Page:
• High degree of responsibility. The individual should interpret her value. No-one is forcing anyone to do anything. You feel responsible anyway. You are involved and want to be a good member of the community.
  • Freedom and human rights are at the foundation.
  • Social mobility and a matter of openness. It does not matter where you come from.

Monday, October 15, 2007

Plone at Penn State

Here's another bit of well written analysis of CMS from WebLion at Penn State. They put Plone out in front of Drupal, but more importantly, they qualify their key features and why it meets their requirements. For those who just want the bottom line, WebLion concludes:

Plone is ideally suited for these use cases:

  • Large-volume public-facing internet sites
  • Intranet sites and sites containing sensitive data
  • Sites hosting specialized web applications
  • Research sites containing protected research data
  • Hosting multiple sites without sharing databases
This gets back to the message I've been harping on--understand your users, your requirements, your constraints, and own needed features. With hundreds of CMS out there, one of them is right for you. Look at similar organizations that may share your use case. Contact them. Most will be happy to share their decision-making process with you. If their environment and use case is close to yours, by all means follow their lead.

Sunday, October 14, 2007

Plone and DISCOVER Magazine

CMSWire has a recent piece about Gartner's evaluation of commercial CMS. They also have the first installment of an article describing how DISCOVER Magazine came to retire its old web environment and set up a Plone-based web publishing system. The article is profusely illustrated with actual content examples from DISCOVER. Their key points (and I quote):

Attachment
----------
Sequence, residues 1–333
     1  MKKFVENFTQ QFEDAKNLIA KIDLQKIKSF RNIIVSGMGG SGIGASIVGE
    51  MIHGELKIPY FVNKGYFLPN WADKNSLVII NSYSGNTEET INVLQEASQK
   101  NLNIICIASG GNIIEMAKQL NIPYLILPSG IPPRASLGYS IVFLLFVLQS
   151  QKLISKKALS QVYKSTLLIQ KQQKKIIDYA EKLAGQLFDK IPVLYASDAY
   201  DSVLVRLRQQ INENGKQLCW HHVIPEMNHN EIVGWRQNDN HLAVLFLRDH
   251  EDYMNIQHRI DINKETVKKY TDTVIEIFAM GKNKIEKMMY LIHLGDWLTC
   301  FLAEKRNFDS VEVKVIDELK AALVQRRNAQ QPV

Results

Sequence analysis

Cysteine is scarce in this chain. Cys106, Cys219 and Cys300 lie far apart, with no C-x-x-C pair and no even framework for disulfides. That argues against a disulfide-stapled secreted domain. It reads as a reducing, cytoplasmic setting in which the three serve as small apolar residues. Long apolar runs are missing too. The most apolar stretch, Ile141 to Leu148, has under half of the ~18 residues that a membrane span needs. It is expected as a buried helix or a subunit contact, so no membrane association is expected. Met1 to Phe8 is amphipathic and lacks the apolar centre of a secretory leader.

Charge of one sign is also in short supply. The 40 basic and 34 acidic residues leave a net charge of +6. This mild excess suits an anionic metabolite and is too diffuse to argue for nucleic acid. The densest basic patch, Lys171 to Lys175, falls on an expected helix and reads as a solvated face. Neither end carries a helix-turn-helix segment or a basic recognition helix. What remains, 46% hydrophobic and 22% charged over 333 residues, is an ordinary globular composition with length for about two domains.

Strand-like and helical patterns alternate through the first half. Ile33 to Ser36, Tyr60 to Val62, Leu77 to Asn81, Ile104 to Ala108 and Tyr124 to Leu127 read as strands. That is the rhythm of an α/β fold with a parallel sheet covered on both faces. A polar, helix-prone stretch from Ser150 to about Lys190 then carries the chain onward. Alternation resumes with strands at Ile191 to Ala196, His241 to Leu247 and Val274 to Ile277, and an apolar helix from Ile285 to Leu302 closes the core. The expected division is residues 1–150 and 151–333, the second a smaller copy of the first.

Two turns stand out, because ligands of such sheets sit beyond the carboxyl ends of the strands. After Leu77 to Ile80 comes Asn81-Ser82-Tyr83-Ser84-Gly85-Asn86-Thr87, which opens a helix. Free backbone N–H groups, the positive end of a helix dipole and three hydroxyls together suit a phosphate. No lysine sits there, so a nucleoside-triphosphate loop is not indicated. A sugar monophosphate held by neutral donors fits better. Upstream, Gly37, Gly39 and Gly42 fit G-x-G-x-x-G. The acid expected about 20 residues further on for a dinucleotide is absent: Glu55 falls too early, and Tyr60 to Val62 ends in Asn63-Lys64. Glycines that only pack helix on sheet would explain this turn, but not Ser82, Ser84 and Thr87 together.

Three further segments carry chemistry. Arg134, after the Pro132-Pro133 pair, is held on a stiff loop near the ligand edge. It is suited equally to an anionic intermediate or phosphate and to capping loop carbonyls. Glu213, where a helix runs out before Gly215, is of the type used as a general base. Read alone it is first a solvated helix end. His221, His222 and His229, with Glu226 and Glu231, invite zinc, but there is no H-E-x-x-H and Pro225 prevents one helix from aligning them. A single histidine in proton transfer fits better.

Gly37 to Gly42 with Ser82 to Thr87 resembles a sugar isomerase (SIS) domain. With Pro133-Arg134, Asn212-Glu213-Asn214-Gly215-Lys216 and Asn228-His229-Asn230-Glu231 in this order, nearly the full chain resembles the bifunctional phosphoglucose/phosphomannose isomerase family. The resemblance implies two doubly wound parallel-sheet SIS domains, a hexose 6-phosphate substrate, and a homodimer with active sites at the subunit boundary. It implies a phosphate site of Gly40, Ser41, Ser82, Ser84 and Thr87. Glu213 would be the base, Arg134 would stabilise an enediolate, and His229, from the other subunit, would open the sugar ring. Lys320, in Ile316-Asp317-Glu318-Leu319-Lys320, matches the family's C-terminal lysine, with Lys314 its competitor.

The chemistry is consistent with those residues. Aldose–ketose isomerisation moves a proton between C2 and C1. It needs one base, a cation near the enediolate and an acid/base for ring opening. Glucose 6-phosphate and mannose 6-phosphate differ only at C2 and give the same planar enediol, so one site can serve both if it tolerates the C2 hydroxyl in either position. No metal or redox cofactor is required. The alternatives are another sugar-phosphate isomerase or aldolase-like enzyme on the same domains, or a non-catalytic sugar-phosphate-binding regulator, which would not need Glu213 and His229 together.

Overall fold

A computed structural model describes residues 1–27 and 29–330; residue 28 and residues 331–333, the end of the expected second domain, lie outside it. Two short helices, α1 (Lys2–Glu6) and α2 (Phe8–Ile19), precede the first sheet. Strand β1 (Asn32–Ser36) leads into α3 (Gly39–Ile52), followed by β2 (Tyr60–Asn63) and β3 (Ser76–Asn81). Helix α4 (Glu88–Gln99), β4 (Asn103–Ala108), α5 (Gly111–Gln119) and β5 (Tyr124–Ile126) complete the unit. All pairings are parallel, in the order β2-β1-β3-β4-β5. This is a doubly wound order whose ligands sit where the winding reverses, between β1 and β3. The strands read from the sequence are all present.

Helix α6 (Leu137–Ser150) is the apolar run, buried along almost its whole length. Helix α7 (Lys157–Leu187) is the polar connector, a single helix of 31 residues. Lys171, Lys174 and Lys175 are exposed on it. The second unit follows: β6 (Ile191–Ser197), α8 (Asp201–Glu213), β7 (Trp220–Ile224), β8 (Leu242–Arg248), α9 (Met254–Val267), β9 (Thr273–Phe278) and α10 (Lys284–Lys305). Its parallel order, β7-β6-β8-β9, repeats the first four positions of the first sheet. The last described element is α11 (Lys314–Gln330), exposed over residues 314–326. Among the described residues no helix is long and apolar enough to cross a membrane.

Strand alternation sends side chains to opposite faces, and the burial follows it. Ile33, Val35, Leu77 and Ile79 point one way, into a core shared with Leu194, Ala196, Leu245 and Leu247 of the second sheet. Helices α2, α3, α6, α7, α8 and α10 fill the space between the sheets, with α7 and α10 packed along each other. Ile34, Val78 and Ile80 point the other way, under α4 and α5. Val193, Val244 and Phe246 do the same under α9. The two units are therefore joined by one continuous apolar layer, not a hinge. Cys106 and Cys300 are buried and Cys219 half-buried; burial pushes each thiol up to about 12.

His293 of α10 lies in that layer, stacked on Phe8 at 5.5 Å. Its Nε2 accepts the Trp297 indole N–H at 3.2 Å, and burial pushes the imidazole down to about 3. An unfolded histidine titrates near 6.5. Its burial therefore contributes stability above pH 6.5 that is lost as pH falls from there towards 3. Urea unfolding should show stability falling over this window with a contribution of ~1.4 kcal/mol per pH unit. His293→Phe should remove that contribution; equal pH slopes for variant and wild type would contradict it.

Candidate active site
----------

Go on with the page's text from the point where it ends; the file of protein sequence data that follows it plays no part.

• DISCOVER chose Plone for its ease-of-use, robust feature set, strong open source community, reduced vendor lock-in, outstanding customizability, standards compliance, reputation, economics, and high performance.
  • Before Plone, it took DISCOVER up to three weeks to publish a magazine issue online. With Plone, that has been cut to as few as three days.
  • Plone’s WYSIWYG editor greatly facilitates the management of the site for non-technical users and enforces design consistency.
  • Plone automatically generates related articles for each of the thousands of articles on the site. No manual intervention is required.
  • Video and multi-media content is easily managed
  • Thousands of articles were successfully and automatically migrated from DISCOVER’s old CMS into Plone with no loss of inbound links.
It reminds me of the day when we were just starting out testing Plone and I learned of Oxfam's Plone site. It went online in November 2004, the great Sumatran Earthquake struck in late December, and within a month Oxfam had processed over $14 million in donations. Its that kind of real-world story that makes you realize that this dog will hunt.

For those who need more than the Oxfam story and the DISCOVER example, take a stroll through http://plone.net/sites. There you'll find ACM SIGGraph and a host of other powerful organizations and companies who are using Plone.

Saturday, October 13, 2007

InfoWorld Rating of Open Source CMS

Thanks to Carlos de la Guardia for spotting the very recent InfoWorld piece pitting Alfresco, Joomla, DotNetNuke, Drupal, and Plone. They were very upfront about their methodology, which although explicit lacks detail below the top level of score aggregation.

InfoWorld reviewers scored each contender in eleven areas:
  1. Availability
  2. Ease of use
  3. Interoperability
  4. Management
  5. Performance
  6. Security
  7. Reliability
  8. Scalability
  9. Setup
  10. Support
  11. Value